Many non-believers argue that the only things we can know are what can be proved by science. Yet many believers say that one of the main reasons they believe is because of their experience of God, something science cannot easily examine.
So how can we approach this question reasonably?
How we know
Philosophers say there are several ways we can know things (see, for example, Robert Audi’s Epistemology: A Contemporary Introduction to the Theory of Knowledge):
- perception – what we experience via our five senses;
- introspection or self knowledge – what we experience in our body, such as happiness or pain;
- intuition – what we can simply ‘see’ is true, such as 1 + 1 = 2; and
- testimony – what others tell us.
It is clear that science draws on several of these ways of knowing, principally perception via observation and measurement.
When I have a toothache, see a dog run across the road, or remember what it was like to fall into a cold river, I know these things without using science. Yet few would contest that these experiences are, generally, nevertheless real. But also few would deny that our memories and perceptions can play tricks on us.
It becomes more complicated when the experience is unusual, more complicated still when we try to explain the experience. Our perception may be correct, but our explanation of what we perceived may be faulty.
When people believe they have experienced God
Many people believe they have experienced God in some way, and I have outlined a few examples on this website:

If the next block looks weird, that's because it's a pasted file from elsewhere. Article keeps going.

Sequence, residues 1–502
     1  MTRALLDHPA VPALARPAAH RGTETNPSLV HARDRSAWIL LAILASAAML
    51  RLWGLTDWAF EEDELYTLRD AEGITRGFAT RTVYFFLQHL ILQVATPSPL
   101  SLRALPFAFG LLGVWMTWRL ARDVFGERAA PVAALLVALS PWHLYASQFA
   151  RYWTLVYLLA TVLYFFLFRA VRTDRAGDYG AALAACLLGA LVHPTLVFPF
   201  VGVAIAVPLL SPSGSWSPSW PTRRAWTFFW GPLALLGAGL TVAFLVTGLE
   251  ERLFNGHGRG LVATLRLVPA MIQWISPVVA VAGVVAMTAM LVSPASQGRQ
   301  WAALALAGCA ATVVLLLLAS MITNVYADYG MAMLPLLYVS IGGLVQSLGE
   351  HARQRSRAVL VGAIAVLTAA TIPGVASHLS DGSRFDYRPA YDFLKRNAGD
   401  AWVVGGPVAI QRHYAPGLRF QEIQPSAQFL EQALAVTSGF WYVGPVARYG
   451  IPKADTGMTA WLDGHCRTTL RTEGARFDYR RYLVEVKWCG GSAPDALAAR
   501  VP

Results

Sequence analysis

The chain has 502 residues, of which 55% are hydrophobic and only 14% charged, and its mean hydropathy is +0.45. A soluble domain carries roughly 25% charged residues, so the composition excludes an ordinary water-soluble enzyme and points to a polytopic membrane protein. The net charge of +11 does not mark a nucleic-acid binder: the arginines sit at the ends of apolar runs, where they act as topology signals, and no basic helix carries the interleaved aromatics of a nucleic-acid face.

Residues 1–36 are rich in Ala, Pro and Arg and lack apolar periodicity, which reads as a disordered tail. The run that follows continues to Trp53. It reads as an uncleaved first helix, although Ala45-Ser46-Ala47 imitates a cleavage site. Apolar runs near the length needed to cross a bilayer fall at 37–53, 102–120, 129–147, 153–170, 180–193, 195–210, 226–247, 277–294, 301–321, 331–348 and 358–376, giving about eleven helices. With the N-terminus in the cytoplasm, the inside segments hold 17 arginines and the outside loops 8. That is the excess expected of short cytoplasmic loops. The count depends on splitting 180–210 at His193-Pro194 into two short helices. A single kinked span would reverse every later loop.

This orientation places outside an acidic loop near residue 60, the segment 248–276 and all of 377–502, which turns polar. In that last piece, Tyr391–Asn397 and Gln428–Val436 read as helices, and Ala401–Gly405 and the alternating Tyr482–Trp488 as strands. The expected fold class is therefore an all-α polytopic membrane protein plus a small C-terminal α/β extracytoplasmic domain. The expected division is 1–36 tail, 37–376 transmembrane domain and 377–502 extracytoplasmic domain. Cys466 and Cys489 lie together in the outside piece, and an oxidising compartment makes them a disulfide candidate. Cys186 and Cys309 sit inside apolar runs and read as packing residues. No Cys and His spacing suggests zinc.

- Some believe they have been miraculously healed. In most cases, it is clear something unusual has happened, but was it God or was it spontaneous remission? (See Healing miracles and God)
- Some believe God has appeared to them in a vision. But while we may accept that they ‘saw’ something, was it God or a hallucination? (See Visions of Jesus?)
- For some, God is seen as the source of the power to make changes in their lives that they would have been powerless to make themselves (for example, for Winston to instantly come off hard drugs, in I still keep to Jesus this night).
- And many see God’s hand in the help they received when they needed it, and the rescue they experienced from situations and thought patterns that were destructive – see the stories of Jordan and Laura.
What are we to make of these stories?
It is impossible for an outsider to fully understand these experiences, for we only observe them second hand. But for the person experiencing them, and often for their close friends and family, these experiences are as real as anything that ever happened to them. And so they believe them just as they believe their other perceptions – and who can blame them? Most of us will trust practical experience more than some theoretical belief.
And in many of these cases, the philosophers would say that they are justified in believing that these experiences came from God (that is, they have good reason to believe this). For example, if the doctor said a recovery was extremely unlikely, yet recovery occurred quickly after prayer, then a reasonable person could conclude that it was the prayer, and the resulting action of God, that led to the unusual outcome.
But can outsiders justifiably believe that God has acted?
Some people disbelieve from the start that any such experiences could be from God, but it seems to me that this pre-judges the matter and dismisses the evidence without considering it. We make it impossible to believe and learn from the experiences, even if they are actually true.
I think each case must be decided on its merits – by asking how reliable is the person, how good is the evidence, etc? We may not be able to be certain about any one experience, but each experience that offers reasons why we might believe it adds to the probability that God is at least behind some of them.
We may not have the perception, memory and self awareness of those who actually experience what seems to be God acting in their lives, but we can, if we are willing, accept their testimony of what has happened.